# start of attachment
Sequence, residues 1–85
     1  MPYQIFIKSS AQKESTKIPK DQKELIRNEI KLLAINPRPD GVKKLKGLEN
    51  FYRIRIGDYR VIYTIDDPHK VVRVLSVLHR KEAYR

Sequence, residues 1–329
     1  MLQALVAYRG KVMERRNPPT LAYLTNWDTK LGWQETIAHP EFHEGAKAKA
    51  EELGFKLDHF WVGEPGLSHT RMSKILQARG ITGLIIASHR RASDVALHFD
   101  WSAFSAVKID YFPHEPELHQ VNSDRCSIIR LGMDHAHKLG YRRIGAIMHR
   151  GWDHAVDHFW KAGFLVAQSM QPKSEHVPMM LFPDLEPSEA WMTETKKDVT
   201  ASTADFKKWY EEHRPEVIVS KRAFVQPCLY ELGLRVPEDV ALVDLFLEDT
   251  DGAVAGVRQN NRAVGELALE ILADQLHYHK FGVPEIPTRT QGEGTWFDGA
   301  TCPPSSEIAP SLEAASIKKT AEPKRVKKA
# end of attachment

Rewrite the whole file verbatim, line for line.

Sequence, residues 1–85
     1  MPYQIFIKSS AQKESTKIPK DQKELIRNEI KLLAINPRPD GVKKLKGLEN
    51  FYRIRIGDYR VIYTIDDPHK VVRVLSVLHR KEAYR

Sequence, residues 1–329
     1  MLQALVAYRG KVMERRNPPT LAYLTNWDTK LGWQETIAHP EFHEGAKAKA
    51  EELGFKLDHF WVGEPGLSHT RMSKILQARG ITGLIIASHR RASDVALHFD
   101  WSAFSAVKID YFPHEPELHQ VNSDRCSIIR LGMDHAHKLG YRRIGAIMHR
   151  GWDHAVDHFW KAGFLVAQSM QPKSEHVPMM LFPDLEPSEA WMTETKKDVT
   201  ASTADFKKWY EEHRPEVIVS KRAFVQPCLY ELGLRVPEDV ALVDLFLEDT
   251  DGAVAGVRQN NRAVGELALE ILADQLHYHK FGVPEIPTRT QGEGTWFDGA
   301  TCPPSSEIAP SLEAASIKKT AEPKRVKKA